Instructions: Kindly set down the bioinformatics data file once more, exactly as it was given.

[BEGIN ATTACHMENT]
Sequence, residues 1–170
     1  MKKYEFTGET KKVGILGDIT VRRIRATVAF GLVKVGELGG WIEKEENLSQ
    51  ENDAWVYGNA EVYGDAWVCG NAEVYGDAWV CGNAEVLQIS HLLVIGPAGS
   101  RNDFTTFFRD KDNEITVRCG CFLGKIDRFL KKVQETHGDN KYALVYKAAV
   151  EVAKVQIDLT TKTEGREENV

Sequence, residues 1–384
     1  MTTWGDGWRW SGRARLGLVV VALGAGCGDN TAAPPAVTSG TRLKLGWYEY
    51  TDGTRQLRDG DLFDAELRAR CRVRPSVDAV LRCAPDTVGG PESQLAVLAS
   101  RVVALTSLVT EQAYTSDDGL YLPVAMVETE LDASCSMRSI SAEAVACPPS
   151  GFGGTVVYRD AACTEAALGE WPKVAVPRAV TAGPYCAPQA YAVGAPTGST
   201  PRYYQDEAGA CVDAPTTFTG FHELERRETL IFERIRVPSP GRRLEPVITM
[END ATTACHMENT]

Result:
Sequence, residues 1–170
     1  MKKYEFTGET KKVGILGDIT VRRIRATVAF GLVKVGELGG WIEKEENLSQ
    51  ENDAWVYGNA EVYGDAWVCG NAEVYGDAWV CGNAEVLQIS HLLVIGPAGS
   101  RNDFTTFFRD KDNEITVRCG CFLGKIDRFL KKVQETHGDN KYALVYKAAV
   151  EVAKVQIDLT TKTEGREENV

Sequence, residues 1–384
     1  MTTWGDGWRW SGRARLGLVV VALGAGCGDN TAAPPAVTSG TRLKLGWYEY
    51  TDGTRQLRDG DLFDAELRAR CRVRPSVDAV LRCAPDTVGG PESQLAVLAS
   101  RVVALTSLVT EQAYTSDDGL YLPVAMVETE LDASCSMRSI SAEAVACPPS
   151  GFGGTVVYRD AACTEAALGE WPKVAVPRAV TAGPYCAPQA YAVGAPTGST
   201  PRYYQDEAGA CVDAPTTFTG FHELERRETL IFERIRVPSP GRRLEPVITM